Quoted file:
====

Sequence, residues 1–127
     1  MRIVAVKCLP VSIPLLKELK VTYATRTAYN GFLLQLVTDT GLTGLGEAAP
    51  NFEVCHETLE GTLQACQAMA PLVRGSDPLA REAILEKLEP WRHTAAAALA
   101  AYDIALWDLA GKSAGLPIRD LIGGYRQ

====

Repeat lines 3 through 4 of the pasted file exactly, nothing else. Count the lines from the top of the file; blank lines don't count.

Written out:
    51  NFEVCHETLE GTLQACQAMA PLVRGSDPLA REAILEKLEP WRHTAAAALA
   101  AYDIALWDLA GKSAGLPIRD LIGGYRQ